I am all in favor of San Francisco’s $13 per hour minimum wage (which rises to $15 by 2018), plus mandatory paid sick leave, parental leave and employer health care contributions. But labor costs at restaurants are inching past 50 percent of total expenditures, an indicator of poor fiscal health. Commercial rents have also gone bananas. Add the ever-rising cost of frisée and pastured quail eggs and it’s no wonder that many restaurants are experimenting with that unique form of sadism known as “small plate sharing,” which amounts to offering a big group of hungry people something tiny to divvy up. Even nontrendy joints now ask $30 for a proper entree — a price point, according to Mr. Patterson, that encourages even affluent customers to discover the joys of home cooking.
THIS is all fine at the handful of places that are full and profitable every night — State Bird Provisions, Lazy Bear — but, according to Gwyneth Borden of the Golden Gate Restaurant Association, an alarming number are not. The bigger tech companies worsen the problem by scooping up culinary talent to run lavish free food programs that, as Ms. Borden said, offer workers “all-day bacon and lobster rolls and tacos.” This kills the incentive for employees to spend a penny in restaurants, especially at lunch. (Ms. Borden also told me that she can’t count the number of times she has heard an Uber or Lyft driver confess to being a former chef.)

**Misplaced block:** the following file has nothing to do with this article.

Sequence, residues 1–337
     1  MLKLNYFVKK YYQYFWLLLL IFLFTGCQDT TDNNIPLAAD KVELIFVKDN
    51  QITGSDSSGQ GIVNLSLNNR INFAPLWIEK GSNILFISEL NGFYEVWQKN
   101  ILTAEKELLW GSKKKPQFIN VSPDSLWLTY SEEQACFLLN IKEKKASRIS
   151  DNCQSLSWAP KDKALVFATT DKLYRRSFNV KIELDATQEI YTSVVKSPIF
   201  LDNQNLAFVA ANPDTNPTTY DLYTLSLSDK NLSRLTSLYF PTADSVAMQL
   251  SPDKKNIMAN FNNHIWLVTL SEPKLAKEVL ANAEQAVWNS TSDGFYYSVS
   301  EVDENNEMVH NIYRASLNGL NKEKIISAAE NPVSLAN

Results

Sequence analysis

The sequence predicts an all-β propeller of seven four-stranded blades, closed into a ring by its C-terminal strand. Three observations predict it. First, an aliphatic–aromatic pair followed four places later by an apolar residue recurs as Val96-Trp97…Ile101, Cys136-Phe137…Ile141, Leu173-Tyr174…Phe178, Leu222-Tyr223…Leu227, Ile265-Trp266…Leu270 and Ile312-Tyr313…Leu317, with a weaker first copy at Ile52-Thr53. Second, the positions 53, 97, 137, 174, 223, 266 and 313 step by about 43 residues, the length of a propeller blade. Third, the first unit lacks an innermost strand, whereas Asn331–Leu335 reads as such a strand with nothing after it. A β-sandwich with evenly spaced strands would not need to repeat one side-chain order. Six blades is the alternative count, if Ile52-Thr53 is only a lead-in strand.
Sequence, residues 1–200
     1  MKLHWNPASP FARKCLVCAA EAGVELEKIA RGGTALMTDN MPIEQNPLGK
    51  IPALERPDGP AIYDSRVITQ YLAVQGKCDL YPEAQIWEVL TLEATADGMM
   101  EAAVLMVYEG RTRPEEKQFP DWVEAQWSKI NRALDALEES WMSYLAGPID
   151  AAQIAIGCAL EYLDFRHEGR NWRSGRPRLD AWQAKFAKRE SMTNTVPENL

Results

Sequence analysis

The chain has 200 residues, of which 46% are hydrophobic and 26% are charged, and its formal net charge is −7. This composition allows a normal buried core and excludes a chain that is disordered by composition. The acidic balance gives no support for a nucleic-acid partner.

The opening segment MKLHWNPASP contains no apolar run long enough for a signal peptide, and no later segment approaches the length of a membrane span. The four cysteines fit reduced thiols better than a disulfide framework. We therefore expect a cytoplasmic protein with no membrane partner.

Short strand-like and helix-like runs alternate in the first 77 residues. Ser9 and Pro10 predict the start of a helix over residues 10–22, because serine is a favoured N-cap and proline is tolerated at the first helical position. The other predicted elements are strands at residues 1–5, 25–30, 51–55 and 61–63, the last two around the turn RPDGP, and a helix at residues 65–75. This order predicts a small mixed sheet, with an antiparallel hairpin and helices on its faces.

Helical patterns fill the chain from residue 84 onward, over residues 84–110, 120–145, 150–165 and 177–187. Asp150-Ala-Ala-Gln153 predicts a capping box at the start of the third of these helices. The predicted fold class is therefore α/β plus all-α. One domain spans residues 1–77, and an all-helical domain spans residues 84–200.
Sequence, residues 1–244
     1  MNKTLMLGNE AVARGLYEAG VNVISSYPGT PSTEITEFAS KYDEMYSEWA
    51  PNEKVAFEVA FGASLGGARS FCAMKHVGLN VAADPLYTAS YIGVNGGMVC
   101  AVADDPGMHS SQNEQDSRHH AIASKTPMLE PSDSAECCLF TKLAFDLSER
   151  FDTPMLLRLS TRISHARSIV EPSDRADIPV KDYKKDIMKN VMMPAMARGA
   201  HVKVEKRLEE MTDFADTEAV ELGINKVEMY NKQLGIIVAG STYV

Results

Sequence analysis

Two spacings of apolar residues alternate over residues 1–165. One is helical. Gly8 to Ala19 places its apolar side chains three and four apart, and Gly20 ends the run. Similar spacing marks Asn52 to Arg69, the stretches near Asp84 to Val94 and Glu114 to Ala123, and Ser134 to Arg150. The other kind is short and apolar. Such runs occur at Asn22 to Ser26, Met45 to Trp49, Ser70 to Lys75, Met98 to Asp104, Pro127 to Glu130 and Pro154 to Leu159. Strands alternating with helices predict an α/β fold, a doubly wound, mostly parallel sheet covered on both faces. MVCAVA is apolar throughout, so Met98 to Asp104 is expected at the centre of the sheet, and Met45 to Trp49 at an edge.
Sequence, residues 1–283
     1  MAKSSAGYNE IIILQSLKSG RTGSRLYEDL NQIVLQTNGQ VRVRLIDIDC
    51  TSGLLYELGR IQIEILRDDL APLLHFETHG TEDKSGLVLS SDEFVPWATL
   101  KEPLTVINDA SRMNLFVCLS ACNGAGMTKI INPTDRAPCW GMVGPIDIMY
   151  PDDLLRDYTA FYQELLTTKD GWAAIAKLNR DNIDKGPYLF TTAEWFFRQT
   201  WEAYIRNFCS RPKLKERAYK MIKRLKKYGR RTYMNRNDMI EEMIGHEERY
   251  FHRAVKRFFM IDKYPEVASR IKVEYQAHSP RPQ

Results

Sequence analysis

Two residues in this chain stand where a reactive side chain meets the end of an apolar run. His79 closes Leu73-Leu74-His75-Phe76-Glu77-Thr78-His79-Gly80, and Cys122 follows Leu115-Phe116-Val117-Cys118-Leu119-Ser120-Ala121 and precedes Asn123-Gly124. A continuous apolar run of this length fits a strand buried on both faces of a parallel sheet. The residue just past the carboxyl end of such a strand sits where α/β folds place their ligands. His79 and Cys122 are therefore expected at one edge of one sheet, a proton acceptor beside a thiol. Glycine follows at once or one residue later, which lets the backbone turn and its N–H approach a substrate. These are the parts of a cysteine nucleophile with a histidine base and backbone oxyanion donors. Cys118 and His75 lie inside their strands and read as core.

Constant traffic jams and great restaurants in less congested cities like Oakland discourage suburbanites who used to cross the Bay Bridge for date night in San Francisco. Besides, as Mr. Patterson says, the city clears out on holiday weekends. “They all go to Tahoe,” he said. “You want to get a reservation somewhere? Just book a table during Burning Man.”